Dr. Schuler sees online technologies as a way to ensure that “no learner is marginalized,” with access to courseware becoming another moral imperative that will prevent students from being denied a full and fair education.
Dr. Kelley emphasized the importance of educators using technology to listen to students through focus groups and develop information that includes students’ lived experiences, which can then be used to create more responsive communities.
For Dr. Malloy, online technologies are increasing the opportunities to have direct conversations and compile data that can bring about accountability and change in order to move beyond intent and actually have a positive impact.
About the Presenters
Dr. Carol L. Kelley is Superintendent of Princeton Public Schools, NJ. Prior to joining PPS, Dr. Kelley spent six years as Superintendent of Oak Park Elementary School District 97, IL, and three years as Superintendent in the Branchburg Township School District, NJ. She has also held teaching, administrator and superintendent positions in New Jersey and Pennsylvania.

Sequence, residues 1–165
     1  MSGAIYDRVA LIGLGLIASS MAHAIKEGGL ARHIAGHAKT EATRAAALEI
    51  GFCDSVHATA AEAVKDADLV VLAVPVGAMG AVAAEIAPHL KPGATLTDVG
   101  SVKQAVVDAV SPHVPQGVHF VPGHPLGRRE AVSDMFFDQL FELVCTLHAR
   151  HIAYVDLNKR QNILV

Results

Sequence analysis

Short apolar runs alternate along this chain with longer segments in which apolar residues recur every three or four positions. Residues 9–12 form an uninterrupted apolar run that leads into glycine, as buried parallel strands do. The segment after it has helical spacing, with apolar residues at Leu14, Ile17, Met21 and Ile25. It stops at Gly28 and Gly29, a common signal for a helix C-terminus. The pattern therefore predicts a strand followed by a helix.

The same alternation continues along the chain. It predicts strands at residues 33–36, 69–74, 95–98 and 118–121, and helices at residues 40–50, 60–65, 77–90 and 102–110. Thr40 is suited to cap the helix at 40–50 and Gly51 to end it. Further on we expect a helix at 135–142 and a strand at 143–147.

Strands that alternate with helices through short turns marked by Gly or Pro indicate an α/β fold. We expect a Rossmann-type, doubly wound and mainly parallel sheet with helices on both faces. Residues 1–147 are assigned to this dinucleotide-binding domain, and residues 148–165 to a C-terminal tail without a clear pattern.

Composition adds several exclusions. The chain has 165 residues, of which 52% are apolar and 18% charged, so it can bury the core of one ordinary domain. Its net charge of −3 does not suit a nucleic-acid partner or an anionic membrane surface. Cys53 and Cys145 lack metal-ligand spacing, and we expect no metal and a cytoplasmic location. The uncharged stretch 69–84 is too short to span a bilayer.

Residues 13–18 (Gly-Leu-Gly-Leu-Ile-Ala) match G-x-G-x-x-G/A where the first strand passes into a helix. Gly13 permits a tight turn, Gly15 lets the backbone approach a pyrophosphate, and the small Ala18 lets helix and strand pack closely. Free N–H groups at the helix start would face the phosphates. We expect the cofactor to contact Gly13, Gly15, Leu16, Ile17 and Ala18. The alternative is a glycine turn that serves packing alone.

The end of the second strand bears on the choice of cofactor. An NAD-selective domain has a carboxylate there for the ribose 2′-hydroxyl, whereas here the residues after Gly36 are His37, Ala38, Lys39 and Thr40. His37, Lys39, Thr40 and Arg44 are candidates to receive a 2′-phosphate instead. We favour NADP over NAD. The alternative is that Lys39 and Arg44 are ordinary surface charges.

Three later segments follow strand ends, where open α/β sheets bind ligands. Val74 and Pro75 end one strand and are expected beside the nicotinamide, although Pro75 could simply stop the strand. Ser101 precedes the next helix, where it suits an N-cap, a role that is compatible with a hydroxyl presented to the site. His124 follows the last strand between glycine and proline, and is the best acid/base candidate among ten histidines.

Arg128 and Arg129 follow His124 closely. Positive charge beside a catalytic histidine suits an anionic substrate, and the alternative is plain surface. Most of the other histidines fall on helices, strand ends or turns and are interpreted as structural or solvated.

Dr. Kelley’s career is guided by her deep commitment to equity-centered systems change to address racial, economic, and academic disparities in education. She is a thought-leader and speaker for several organizations and has received recognition for her professional work and contributions to education from various organizations and groups, including the prestigious Governor’s Teacher award from the state of New Jersey. Dr. Kelley received her bachelor’s degree in systems engineering and doctorate in education from University of Pennsylvania. She also holds an MBA from the Darden School of Business at the University of Virginia.
Dr. John Malloy came to the San Ramon Valley Unified School District after having served as Director of Education (Superintendent) at the Toronto District School Board, Toronto, Canada which is the largest school board in Canada and the eighth largest school board in North America. Dr. Malloy has an extensive background in education at all levels and is a fierce advocate for equitable, accessible, quality public education. He brings a vision for learning that emphasizes the importance of collaboration and engagement. He believes that we have a responsibility to ensure that every student feels connected and engaged in their learning.